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Nodes are the basic unit of a computer network. They play a role in organizing data within a network and delivering that data to other nodes or users. All decentralized applications (dApps) on a blockchain, such as MetaMask, need to access data from that blockchain in order to respond to user requests, i.e. querying token balances, sending transactions, or receiving block data.
In simpler terms, we can say that every node is an independent computer that runs blockchain client software.
Think about all the cells making up the human body– red blood cells, skin cells, bone cells, muscle cells, stem cells. Each with a different name and different role to play. The reason it can be so hard to define nodes in one sentence is that roles vary depending on the blockchain network and context.
Nodes can be classified into three or four main categories based on how they maintain the blocks and states. Depending on this classification, the functionalities and roles provided by each node can vary.
A full node stores all transactions that have been executed on the blockchain, recording all blockchain data from the very first block (commonly referred to as the ‘Genesis block’) up until the most recent block. This node type is characterized by the fact that it continuously synchronizes blockchain data to keep itself up to date.
Full nodes essentially act as a gateway for receiving the latest transactions from other nodes, or passing on the transactions received from users onto other nodes. Since a full node contains all of its own records, it is capable of verifying certain transactions without any assistance from other nodes.
However, this also means the disk space required to operate a full node is substantial. Downloading the entire dataset can also take a considerable amount of time.
An archive node is an enhanced implementation of a full node that not only stores the same data as full nodes, but also retains all previous states of the blockchain. While a typical full node excludes states that existed before the most recent 128 blocks (in the case of Ethereum), an archive node preserves the state of all blocks. It’s therefore possible to query past balance information via the History Methods, or to view all blocks and re-run their entire transaction history.
Archive nodes are typically operated by entities with specific purposes that require querying arbitrary historical data. For example, they may need to request a token balance from a previous state, track the activity of a particular user, or re-run a transaction’s history.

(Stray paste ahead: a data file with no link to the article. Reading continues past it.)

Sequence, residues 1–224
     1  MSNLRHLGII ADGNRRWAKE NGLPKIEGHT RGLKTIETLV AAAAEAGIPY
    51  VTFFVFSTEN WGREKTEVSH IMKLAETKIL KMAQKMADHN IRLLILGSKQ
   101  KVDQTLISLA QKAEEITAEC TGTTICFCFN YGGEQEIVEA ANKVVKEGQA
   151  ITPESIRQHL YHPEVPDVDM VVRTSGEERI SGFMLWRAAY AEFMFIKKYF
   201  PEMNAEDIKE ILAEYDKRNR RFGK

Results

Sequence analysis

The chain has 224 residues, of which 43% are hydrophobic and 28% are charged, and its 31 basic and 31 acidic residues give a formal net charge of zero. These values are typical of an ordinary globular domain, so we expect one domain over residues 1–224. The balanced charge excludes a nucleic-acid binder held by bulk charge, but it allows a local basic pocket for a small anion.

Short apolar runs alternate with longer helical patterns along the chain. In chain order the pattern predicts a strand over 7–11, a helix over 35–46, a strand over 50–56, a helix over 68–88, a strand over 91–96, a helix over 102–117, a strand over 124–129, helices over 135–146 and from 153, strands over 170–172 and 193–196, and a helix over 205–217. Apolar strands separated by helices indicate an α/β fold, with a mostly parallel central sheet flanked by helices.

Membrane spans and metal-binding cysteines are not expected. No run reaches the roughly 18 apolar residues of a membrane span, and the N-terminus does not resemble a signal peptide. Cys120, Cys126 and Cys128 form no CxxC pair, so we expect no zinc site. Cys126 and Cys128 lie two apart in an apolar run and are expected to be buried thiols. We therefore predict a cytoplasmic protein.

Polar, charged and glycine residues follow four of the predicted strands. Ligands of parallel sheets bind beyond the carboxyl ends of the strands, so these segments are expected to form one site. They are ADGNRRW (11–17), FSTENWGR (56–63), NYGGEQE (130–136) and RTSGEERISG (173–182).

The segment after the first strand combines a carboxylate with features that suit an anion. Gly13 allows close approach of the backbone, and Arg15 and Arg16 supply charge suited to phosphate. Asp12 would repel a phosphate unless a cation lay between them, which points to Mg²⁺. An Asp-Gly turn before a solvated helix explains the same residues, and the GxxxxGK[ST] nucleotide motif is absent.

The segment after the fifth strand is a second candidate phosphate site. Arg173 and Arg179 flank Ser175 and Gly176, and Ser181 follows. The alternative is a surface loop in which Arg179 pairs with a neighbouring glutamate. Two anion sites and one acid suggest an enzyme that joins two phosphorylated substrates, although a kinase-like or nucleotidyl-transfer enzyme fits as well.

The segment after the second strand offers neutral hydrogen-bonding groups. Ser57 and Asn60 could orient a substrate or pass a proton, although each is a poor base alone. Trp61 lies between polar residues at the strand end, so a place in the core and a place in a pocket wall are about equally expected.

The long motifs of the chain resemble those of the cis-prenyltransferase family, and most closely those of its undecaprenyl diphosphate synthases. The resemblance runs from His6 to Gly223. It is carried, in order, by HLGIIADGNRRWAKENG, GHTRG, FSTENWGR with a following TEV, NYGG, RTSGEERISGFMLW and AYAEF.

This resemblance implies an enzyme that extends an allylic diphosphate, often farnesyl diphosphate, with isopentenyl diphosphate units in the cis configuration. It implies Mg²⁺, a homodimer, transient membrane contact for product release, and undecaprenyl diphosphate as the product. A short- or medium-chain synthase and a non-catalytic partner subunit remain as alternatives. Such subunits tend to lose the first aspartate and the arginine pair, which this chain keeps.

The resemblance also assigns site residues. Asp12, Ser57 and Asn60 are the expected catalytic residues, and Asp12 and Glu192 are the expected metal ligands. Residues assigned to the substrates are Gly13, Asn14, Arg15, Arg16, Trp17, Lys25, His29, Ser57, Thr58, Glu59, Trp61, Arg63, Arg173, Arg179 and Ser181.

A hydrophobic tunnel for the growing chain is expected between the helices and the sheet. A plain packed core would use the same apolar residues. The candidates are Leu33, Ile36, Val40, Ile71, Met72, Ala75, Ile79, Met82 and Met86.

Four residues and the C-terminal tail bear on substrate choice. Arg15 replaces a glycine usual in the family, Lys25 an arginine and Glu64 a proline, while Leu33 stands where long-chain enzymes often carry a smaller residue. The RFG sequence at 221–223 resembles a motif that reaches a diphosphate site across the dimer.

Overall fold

However, operating archive nodes requires even higher technical expertise and operational costs than operating full nodes. For instance, running an Ethereum archive node currently requires storing over 14TB of data. And it’s critical to ensure that the synchronization state is always maintained properly to prevent data corruption (which takes a much longer time to recover from).
*Query: A request from a client (user) to the database for a specific piece of data.
*History Method: Used to acquire the historical record of all blocks including block headers, block bodies, uncle blocks and transaction receipts.
The requirement to maintain all this data in order to participate in a blockchain network can be a major constraint on network expansion or mass adoption. On the other hand, if all a node has to do is simply propagate data to the network and process user requests, its main role is to act as an intermediary.
This is exactly what light nodes do: they only contain certain data from blocks, namely the block headers*. This means they can propagate transactions but cannot validate them alone as validator nodes do, so they usually rely on full nodes for individual verification. Although this dependency on external data verification is disadvantageous, the low operating cost is a significant benefit.
Concept of light nodes
The concept of light nodes comes from Bitcoin. Back then, they were known as a Simplified Payment Verification (SPV) nodes or lightweight nodes, characterized by maintaining only a subset of the blockchain and verifying transactions via SPV.
*Block header: Each block consists of a block header and block body. The block header and block body compare information to check for any tampering. For example, the Bitcoin block header contains the hash values of the current and previous block, the version of Bitcoin that created the block, the Merkle root, timestamp, current mining difficulty, and nonce. The content stored in the header may vary depending on the network.